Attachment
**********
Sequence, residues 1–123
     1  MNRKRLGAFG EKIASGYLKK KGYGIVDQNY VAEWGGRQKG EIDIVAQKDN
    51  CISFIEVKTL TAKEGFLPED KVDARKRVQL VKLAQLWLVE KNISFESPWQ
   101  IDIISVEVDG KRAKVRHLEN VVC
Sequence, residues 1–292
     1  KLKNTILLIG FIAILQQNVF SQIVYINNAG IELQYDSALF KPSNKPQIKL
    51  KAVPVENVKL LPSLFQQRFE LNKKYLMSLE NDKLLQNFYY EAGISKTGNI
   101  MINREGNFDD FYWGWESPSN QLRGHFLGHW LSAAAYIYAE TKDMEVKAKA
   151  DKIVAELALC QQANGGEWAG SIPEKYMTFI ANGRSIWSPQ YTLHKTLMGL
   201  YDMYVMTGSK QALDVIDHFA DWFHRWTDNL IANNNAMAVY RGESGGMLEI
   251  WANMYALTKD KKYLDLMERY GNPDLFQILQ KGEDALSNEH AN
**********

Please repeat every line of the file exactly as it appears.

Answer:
Sequence, residues 1–123
     1  MNRKRLGAFG EKIASGYLKK KGYGIVDQNY VAEWGGRQKG EIDIVAQKDN
    51  CISFIEVKTL TAKEGFLPED KVDARKRVQL VKLAQLWLVE KNISFESPWQ
   101  IDIISVEVDG KRAKVRHLEN VVC
Sequence, residues 1–292
     1  KLKNTILLIG FIAILQQNVF SQIVYINNAG IELQYDSALF KPSNKPQIKL
    51  KAVPVENVKL LPSLFQQRFE LNKKYLMSLE NDKLLQNFYY EAGISKTGNI
   101  MINREGNFDD FYWGWESPSN QLRGHFLGHW LSAAAYIYAE TKDMEVKAKA
   151  DKIVAELALC QQANGGEWAG SIPEKYMTFI ANGRSIWSPQ YTLHKTLMGL
   201  YDMYVMTGSK QALDVIDHFA DWFHRWTDNL IANNNAMAVY RGESGGMLEI
   251  WANMYALTKD KKYLDLMERY GNPDLFQILQ KGEDALSNEH AN